Given the historically engrained mindset and pro-gun loby, America has no easy way out.

As horrible as this and the Aurora shootings are, and as much as I wish we could enact some level of gun control here in the U.S., I do acknowledge the argument that getting guns under control will not stop mass killings such as these. People determined to kill large numbers have many methods available. There is an underlying problem that needs to be addressed, and no, I do not have a suggestion as to how. I will say that I think that anyone who undertakes to kill multiple victims is by definition mentally ill, and how to deal with that is key to reducing the number of these tragedies.

As a side note, I'd request to Mike that in future when posting items that are so clearly away from the topic at hand, it might be sensible to remove the sponsorship footers from the posts. In these cases we probably don't need to be reminded of the fine folks at B&H and Amazon. I know this isn't intentional, but I'd suggest its worth thinking about.


Isn't the real issue here

Isn't human tragedy the real issue here? Geographic proximity really brings it home, but it is saddening no matter where or why?
"The bomb in the baby carraige, wired to explode".

The reactions to this latest front-page-worthy shooting, the recent one in the movie theater, and most others, are really due to two factors: (1) the innocence of the victims, and (2) the number of victims.

In the Sikh temple case, the number of victims, six, was much higher than for most, if not all, of the other murders in the US that day. And, the people who were killed were clearly innocents in a safe location, as opposed, say, to gang members (maybe not so innocent) or proprietors of inner-city liquor stores (innocent, I suppose, but definitely not in a safe location).

It's a mistake to even think about public policy based on what makes news, as opposed to what's actually happening.

Take July, 2012, for example. I can recall only one mass murder, the one in Colorado with 12 deaths. If that was a typical month in the US, there were over a thousand murders total in July, maybe more.

It seems to me that a headline saying "Twleve Killed" is less newsworthy than one saying "Over a Thousand Killed". Yet, the latter headline probably didn't appear in any major US newspaper. The explanation is simple: It isn't news.

If we are to expend any brain energy on the murder problem, it makes more sense to use it on the 1000 rather than the 12.

This has been done. I saw several items after the theater shooting comparing murders, and specifically gun murders, in the US vs. other countries. That, to me, is a subject worth looking into. The subject of mass murders, on the other hand, seems to suck up all the discussion energy that would be better spent on real problems.

We appear to be in the grip of another such murderous fashion in my own once enlightened country; we can only pray that this senseless fad will pass quickly.

With, according to the FBI minimum estimate, 200 million handguns around? Not a prayer.

What Mark said; it's always too close to home when things like this happen.

That said, having lived through most of Northern Ireland's most recent outbreak of Troubles and more recently living within 45 minutes of Virginia Tech, there are definitely varying degrees of "too close to home".

This sort of random violence is not so random. I learned this firsthand when our dear friend Grace was shot and killed in the Oakland Oikos University shootings, April 2nd of this year.

Kiss the ones you love.

Message to the FBI..why don't you folks put more effort into identifying maniacs.And less into have agents provocateurs inspire/setup/finance Islamic fundamentalist plots that they can then "nip in the bud."(Sceptics should look into this-it HAS been happening) Identifying maniacs probably be more of a challenge, I admit, but probably better protection for the public.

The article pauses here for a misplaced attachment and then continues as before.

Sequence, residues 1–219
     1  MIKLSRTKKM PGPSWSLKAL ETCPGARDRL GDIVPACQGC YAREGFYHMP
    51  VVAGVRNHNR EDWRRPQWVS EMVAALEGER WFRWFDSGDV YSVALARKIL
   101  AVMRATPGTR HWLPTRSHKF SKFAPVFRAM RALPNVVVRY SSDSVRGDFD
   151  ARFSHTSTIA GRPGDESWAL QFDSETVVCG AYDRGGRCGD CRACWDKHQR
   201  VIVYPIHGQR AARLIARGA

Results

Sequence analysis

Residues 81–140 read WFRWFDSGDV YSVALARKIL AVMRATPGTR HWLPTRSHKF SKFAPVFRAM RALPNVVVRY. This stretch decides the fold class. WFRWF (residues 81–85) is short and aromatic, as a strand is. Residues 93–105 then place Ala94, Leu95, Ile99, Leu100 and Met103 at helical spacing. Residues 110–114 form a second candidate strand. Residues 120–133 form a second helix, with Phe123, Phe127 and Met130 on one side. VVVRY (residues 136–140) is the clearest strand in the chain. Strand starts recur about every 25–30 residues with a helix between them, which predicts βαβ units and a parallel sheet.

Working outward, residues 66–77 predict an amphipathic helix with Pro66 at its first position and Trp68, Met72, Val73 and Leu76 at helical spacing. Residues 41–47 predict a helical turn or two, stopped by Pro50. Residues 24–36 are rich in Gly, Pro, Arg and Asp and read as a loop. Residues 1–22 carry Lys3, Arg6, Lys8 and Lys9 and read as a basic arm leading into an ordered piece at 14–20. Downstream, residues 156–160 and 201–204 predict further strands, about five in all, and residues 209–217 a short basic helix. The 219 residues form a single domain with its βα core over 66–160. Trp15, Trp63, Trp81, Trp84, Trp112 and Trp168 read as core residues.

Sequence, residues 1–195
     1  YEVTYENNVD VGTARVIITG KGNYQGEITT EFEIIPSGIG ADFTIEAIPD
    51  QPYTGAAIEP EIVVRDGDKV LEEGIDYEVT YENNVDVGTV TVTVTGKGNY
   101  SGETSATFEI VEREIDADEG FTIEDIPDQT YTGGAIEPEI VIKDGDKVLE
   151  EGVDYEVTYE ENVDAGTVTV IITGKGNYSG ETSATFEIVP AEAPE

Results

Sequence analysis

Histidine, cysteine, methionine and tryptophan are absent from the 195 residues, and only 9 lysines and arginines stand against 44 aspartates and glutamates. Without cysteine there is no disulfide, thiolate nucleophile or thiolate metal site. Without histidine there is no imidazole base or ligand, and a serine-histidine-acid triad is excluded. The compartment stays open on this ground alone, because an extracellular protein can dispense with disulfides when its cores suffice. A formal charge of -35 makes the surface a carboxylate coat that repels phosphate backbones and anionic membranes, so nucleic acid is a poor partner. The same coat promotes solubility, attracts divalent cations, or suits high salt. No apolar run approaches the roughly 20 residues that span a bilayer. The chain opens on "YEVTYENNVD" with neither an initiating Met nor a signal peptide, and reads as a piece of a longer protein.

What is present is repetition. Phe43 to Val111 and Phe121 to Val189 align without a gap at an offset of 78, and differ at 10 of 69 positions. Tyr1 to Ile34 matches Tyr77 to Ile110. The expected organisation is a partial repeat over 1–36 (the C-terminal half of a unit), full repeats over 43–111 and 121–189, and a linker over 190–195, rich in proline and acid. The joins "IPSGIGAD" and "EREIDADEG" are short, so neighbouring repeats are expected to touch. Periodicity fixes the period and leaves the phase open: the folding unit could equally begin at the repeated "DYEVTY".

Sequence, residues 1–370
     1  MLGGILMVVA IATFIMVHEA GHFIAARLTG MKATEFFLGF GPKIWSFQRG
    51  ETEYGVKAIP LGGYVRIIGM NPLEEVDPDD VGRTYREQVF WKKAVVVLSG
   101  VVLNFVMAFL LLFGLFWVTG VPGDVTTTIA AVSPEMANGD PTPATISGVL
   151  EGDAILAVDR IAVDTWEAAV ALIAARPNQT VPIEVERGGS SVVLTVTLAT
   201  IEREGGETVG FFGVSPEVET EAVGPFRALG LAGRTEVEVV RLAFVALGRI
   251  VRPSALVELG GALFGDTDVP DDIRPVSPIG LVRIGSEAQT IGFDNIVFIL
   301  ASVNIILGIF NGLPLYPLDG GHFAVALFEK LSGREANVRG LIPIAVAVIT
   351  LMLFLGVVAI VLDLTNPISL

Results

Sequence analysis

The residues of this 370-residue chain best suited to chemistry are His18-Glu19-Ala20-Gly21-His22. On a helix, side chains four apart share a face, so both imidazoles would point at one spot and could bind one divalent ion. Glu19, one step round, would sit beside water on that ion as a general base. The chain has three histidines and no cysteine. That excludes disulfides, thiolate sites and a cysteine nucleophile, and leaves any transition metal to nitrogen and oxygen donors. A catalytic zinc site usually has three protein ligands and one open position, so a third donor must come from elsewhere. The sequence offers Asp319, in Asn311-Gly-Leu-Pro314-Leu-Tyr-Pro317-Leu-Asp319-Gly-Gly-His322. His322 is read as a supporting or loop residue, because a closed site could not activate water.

I can say that the Sikh community is most welcoming to visitors.

"The doors of the hostels are open to all."

"it might be sensible to remove the sponsorship footers from the posts. In these cases we probably don't need to be reminded of the fine folks at B&H and Amazon."

That's boilerplate, put in place because of FTC guidelines that profit-making links not be disguised. You can read more about it at the link in the footers, where it says "More...."


This madness has got to end or it will end civilization.

This madness has got to end or it will end civilization.

If you pick up a starving dog and make him prosperous, he will not bite you. That is the difference between a dog and a man. - Mark Twain

Isn't it saddening that, in the wealthiest country in the world, there are so many people with nothing left to loose. The only way to stop terrorism is to stop making terrorists and the tool for that isn't the army abroad or the courts at home but politics.

Personally, I agree with all the people who have said that "anywhere" is too close to home. Mike, your audience is global. Why make a special case out of this senseless act? Just how far away would it need to be to make it not "too close to home"?

Too many are saying that this incident was tragic because the shooter was confused between Sikhs and Muslims. That should not be the issue. This would not be any less tragic if it had been Muslims who were shot.

As I've said before, a society that lives by the gun, dies by the gun. Unfortunately the concept of violence is so entrenched in our psyche that we refer to a point obtained by a spike in volleyball as a "kill". Man is inherently evil. Just think, we have to teach our children to be good, but they have no problem finding ways on their own to be bad. Being evil is not a "fad".

I have eaten at many Sikh gurdwara's in India--a favorite stop. I live in Austin, Texas and for me this is too close to home. A related link - the Smithsonian Magazine did a piece on the Golden Temple in Amritsar and how they feed over 100,000 people per day.


Edward Taylor makes a very telling point. I know this is a photo blog, and I'm sure Mike doesn't want this discussion to be hi-jacked, but unfortunately as soon as you broach a subject like this, the problems, contradictions, prejudices and injustices of our world are inescapable. And I mean the whole world.